“And sir,” asked another, what is your usual reaction when someone says that he or she likes your books very much? I’m talking about Wanpis and Maiba here.”
“I get worried,” replied storyboard. “If my books are described as likeable, or enjoyable, then I begin questioning my own worth as a writer. And this in turn leads me to realize that all good writing is subject to objective literary criticism. It is good criticism that determines the true value of a book. That calls for quality as well. I tell this to my students of literature at the University of Papua New Guinea. And I am telling you this now: your best reader is not the one who says, “I like your books,” but the one who says, “Your books intrigue me.”

“How many books have you written, sir?”

“Just four: two novels, and two volumes of poetry. But now we come to the “success” part of our meeting this afternoon. This should ease your minds a little. Reason why I am well known is that this small number of books is proof enough that I am a very good writer. There is your success story.”

At this point we all realized that time was running out on us. Ms Bronya Kaine, conducting that afternoon’s book week session, announced that there was time for one more question.
                                                                             
The question was: “How long did it take you to write Wanpis?”

“Ten years,” came the reply.

Whistles of disbelief, perhaps; a little of fidgeting here and there. This can’t possibly be the right answer?

“All writing is art, scribbled in a diary that we keep visiting over and over. It starts at an earlier age, such as where you are now. And then we grow up with our writing. Let Mum, when cleaning house, store those diaries in a secure place. Keep on creating those diaries now until you reach your twenties. At that point, come back to all that you have written, arrange and re-arrange them, and there you will see that you have written a novel.”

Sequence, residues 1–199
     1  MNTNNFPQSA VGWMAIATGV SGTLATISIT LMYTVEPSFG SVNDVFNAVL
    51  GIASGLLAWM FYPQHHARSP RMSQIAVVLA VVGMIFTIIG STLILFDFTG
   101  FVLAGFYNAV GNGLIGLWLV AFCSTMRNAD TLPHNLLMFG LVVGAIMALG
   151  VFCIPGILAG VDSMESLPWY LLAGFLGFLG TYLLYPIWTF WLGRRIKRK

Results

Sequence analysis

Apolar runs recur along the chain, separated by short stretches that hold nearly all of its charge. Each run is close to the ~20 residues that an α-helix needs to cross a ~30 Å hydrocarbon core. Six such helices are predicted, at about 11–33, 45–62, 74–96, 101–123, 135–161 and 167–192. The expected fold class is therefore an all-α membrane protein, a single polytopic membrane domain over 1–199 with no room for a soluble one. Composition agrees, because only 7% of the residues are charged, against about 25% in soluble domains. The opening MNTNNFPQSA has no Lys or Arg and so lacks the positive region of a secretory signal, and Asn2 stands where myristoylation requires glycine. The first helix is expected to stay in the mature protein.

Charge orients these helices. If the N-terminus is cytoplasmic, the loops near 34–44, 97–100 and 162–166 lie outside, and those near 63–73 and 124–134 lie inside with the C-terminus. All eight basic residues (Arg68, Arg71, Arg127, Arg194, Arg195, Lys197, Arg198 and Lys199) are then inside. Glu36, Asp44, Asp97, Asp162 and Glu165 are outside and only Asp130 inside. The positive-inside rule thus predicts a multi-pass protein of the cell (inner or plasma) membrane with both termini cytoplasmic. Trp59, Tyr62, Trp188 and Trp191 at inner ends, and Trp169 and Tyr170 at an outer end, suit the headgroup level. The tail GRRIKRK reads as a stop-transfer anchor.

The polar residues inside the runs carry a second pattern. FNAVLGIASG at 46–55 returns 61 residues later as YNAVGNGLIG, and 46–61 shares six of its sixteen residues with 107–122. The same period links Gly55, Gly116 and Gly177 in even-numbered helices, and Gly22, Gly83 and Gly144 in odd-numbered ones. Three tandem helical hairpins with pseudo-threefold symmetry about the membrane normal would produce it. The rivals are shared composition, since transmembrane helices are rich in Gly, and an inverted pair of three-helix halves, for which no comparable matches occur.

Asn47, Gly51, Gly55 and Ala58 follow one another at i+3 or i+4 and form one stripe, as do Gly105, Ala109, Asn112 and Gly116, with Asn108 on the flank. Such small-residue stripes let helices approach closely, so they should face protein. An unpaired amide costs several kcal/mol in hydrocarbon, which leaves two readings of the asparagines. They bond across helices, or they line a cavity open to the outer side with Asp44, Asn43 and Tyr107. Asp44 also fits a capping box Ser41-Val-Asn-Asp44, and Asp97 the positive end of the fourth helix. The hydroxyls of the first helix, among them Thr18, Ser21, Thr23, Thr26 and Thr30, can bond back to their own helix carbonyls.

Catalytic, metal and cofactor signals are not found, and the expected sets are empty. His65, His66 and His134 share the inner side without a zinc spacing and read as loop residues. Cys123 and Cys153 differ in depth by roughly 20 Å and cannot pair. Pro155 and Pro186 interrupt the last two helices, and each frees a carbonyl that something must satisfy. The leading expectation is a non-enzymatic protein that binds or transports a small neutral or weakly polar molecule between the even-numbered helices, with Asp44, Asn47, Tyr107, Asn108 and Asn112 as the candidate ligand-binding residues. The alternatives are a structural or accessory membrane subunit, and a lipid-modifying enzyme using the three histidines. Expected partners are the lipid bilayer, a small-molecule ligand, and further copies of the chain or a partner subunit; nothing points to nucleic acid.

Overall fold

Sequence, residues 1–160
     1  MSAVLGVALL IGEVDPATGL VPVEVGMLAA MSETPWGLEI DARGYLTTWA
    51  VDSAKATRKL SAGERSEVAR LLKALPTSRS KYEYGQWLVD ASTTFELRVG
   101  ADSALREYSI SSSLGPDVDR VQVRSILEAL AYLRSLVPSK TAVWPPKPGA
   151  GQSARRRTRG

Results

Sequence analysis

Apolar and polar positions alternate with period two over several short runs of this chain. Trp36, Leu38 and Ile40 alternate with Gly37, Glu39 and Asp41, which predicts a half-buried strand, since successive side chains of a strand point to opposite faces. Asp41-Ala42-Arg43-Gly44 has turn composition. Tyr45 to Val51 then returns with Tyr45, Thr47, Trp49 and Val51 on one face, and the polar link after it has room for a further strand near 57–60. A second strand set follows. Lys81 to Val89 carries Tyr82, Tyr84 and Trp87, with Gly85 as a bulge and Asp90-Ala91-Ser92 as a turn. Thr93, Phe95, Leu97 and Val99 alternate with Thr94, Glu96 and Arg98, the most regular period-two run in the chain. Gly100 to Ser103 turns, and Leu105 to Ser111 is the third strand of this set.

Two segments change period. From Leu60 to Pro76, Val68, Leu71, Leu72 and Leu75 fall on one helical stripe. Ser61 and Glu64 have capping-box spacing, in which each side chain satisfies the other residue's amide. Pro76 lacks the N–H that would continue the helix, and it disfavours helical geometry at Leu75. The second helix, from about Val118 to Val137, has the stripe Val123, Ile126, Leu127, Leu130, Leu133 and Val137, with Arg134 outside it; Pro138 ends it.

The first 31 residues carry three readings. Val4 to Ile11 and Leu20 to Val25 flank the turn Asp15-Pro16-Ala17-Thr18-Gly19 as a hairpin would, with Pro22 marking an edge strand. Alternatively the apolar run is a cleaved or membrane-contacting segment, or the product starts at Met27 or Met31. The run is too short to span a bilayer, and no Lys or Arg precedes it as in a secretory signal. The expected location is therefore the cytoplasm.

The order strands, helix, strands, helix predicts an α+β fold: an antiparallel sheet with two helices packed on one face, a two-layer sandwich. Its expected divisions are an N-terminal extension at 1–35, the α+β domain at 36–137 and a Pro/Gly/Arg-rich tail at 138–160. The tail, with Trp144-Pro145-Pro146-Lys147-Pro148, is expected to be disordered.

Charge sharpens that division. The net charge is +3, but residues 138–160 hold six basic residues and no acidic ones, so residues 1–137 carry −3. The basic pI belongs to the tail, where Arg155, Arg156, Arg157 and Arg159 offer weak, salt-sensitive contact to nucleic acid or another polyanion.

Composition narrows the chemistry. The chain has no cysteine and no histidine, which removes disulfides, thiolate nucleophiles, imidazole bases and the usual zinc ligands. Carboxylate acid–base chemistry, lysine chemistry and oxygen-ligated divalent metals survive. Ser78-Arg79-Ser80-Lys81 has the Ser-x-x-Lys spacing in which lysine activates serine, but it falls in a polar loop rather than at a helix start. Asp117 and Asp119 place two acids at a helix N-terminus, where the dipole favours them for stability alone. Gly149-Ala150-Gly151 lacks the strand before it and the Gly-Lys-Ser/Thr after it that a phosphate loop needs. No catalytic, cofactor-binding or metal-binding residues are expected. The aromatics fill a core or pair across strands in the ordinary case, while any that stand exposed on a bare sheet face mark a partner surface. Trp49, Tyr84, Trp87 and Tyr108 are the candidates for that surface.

The applause received then was resounding – an almost standing ovation.
Then the principal rose and thanked his school for choosing to share that Wednesday afternoon with a writer. He pointed out that writers were a special group of people; that you rarely saw them in public places, except at book fairs signing autographs; and that what they thought and wrote was useful advice to people of all walks of life, from ordinary people up to statesmen and leaders of countries.

The faculty of Paradise High School consists of Papua New Guinean and Turkish teachers or patrons and mentors. A student there finds himself or herself in a prestigious position of being a member of an international community of scholars, writers and artists. As he looked around, storyboard was mindful of the fact that the 2006 Nobel Laureate in Literature was Turkish, an important reflection on the academic potential of this new school.
And as he sat down to autograph the school’s copy of Maiba, at the kind request of the principal, he could sense that there was and there is no greater reward, no greater prize, for the writer than to see his books placed in the libraries of those young people so eager to know what writing is all about, such as the student who asked: “How old were you when you first published?”